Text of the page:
Presentation is loading. Please wait.

Presentation is loading. Please wait.

LESSONS IN CELL BIOLOGY Baltimore Excellence in STEM Teaching Project Summer 2011 BEST Project 1.

Similar presentations

Presentation on theme: "LESSONS IN CELL BIOLOGY Baltimore Excellence in STEM Teaching Project Summer 2011 BEST Project 1."— Presentation transcript:

1 LESSONS IN CELL BIOLOGY Baltimore Excellence in STEM Teaching Project Summer 2011 BEST Project 1

2 Subcellular Localization and Preliminary Functional Analysis of RNF 10 in the mitochondria of HeLa cells. Nicole Veltre and Digital Harbor High School and Dr. Mariusz Karbowski Center for Biomedical Engineering and Technology and Department of Biochemistry and Molecular Biology, University of Maryland School of Medicine, Baltimore, MD 2

3 INTERNSHIP GOALS develop research and lab skills in cell biology translate laboratory experiences, techniques and cell biology concepts to a curriculum for high school students in various science courses deepen personal content literacy in biology. 3

4 This summer I worked in the lab of Dr. Mariusz Karbowski at Center for Biomedical Engineering and Technology and Department of Biochemistry and Molecular Biology at the University of Maryland School of Medicine, Baltimore, MD 4 Dr. Karbowski is a pioneer. Six years ago, no E3 ligases that work on the mitochondria were known. Now, through his work and the work of others who study mitochondria, there are several that have been proven to work on the outer membrane of the mitochondria.

5 The approaches that I learned this summer were cell culture and transfection, immunoflouresence and microscope imaging. I have also performed Western Blot to test the efficiency of the RNAi constructs that we were using. While Dr. Karbowski was there for every step, the person who really deserves the credit is Shan, because she has the patience of a saint. She and I are pictured here towards the end of my lab experience. 5

6 I also want to devote at least one slide to the book that my AP Biology students read this past summer, along with my scientist Dr. Mariusz Karbowski, The Immortal Life of Henrietta Lacks by Rebecca Skloot. I read this book 2 summers ago and was so moved by it I had my 10 th grade biology class read it last year for extra credit. My AP Biology students read it this past summer and I even convinced Dr. Karbowski to read it to. More on that later…. 6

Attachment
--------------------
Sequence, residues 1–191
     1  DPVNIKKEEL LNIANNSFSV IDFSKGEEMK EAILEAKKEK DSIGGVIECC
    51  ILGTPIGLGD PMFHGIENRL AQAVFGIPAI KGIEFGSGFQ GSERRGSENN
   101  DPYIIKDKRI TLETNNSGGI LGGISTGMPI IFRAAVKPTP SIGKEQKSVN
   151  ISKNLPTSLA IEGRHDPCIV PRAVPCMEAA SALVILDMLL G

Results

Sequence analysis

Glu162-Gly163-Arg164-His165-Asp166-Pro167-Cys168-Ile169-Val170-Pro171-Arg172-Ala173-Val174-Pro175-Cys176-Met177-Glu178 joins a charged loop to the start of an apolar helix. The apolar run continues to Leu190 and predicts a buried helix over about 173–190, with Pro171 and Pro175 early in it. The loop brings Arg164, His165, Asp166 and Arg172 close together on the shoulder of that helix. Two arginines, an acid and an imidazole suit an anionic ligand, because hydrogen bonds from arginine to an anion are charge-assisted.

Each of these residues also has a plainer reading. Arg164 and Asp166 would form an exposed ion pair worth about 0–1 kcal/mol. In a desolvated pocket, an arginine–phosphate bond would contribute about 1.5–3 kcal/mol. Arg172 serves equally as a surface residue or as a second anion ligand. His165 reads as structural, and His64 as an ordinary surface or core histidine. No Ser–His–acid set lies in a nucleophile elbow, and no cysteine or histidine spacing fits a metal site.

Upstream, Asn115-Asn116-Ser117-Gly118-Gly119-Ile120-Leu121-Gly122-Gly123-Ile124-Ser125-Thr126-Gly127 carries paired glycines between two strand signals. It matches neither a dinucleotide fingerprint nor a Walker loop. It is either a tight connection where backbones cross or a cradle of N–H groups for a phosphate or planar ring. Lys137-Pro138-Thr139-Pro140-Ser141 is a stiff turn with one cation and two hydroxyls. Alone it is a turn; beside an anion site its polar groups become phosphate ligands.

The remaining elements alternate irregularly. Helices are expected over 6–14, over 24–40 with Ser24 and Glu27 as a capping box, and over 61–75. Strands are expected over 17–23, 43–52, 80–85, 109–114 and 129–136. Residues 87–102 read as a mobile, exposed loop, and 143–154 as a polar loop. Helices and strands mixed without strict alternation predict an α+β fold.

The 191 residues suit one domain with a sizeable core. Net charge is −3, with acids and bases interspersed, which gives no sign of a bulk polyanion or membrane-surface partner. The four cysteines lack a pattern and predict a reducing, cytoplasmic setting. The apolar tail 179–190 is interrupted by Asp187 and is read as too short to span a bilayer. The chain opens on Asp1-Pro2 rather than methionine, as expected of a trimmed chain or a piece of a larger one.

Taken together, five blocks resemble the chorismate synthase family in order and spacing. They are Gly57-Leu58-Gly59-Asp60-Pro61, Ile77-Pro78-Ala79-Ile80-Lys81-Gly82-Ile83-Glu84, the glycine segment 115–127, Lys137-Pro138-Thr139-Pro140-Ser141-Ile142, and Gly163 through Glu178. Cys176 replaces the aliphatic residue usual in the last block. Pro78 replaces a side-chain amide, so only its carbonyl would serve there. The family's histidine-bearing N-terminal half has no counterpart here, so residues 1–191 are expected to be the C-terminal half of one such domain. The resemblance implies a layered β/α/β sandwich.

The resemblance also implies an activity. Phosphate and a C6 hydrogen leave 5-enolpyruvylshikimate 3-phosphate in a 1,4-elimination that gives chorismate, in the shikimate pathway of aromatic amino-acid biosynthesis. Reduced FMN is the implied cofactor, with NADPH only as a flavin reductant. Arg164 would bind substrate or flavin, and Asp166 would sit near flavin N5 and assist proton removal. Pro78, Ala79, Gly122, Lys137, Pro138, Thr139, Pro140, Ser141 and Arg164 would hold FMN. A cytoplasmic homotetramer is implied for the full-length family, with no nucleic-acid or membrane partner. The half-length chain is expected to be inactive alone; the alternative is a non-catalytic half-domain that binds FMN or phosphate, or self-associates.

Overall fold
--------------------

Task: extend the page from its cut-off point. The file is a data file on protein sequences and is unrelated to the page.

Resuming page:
7 7 There is a paragraph well into the book where Debra Lacks, Henrietta’s daughter, is pouring through biology books trying to figure out what it means that her mothers cells are alive. When I read this part, it in particular, resonated with me as it is how I feel about biology even now, after teaching it for over 10 year in Baltimore City. I want to absorb everything I can. And like Debra Lacks, I did not start out with very much biology content knowledge. It resonated with me even more just this past summer as I poured through the internet resources in order to understand just what I was doing in the lab.

8 MITOCHONDRIA Mitochondria are the powerhouses of most eukaryotic cells. The membrane-contained structures (organelles)that produce energy for cells in the form of ATP. This is accomplished by oxidizing the major products of glycolysis, in which energy is extracted from sugars. Mitochondria contain their own DNA and resemble bacterial cells in their structure, and probably arose by means of early cells engulfing bacteria-like ancestors. 8

9 MITOCHONDRIA In addition to energy production, mitochondria are also involved in programmed cell death (apoptosis), neuronal injury, cellular proliferation, regulation of the oxidative- reductive (redox) state of the cell, in synthesis of heme, the iron group in blood, and in steroid synthesis. 9

10 Parkinson's disease (PD) is neurodegenerative disorder that causes slowed movements, tremor, rigidity, and a wide variety of other symptoms. "Neurodegenerative" refers to the degeneration, or death, of neurons, the type of cell in the brain that is the basis for all brain activity. 10

11 Just like with our students, science becomes more meaningful when there is a personal connection. This past spring, a close friend and colleague let me know that he had been diagnosed with Parkinson’s. 11

12 RESEARCH RATIONALE RNF10 and Parkin act on mitochondria. Parkin is a protein which in humans is encoded by the PARK2 gene. Mutations in this gene are known to cause a familial form of Parkinson's disease known as autosomal recessive juvenile Parkinson disease. 12

13 RESEARCH RATIONAL RING finger protein 10 is a protein that in humans is encoded by the RNF10 gene. The protein encoded by this gene contains a ring finger motif, which is known to be involved in protein-protein interactions. The specific function of this protein has not yet been determined. EST data suggests the existence of multiple alternatively spliced transcript variants, however, their full length nature is not known. [1] [1] 13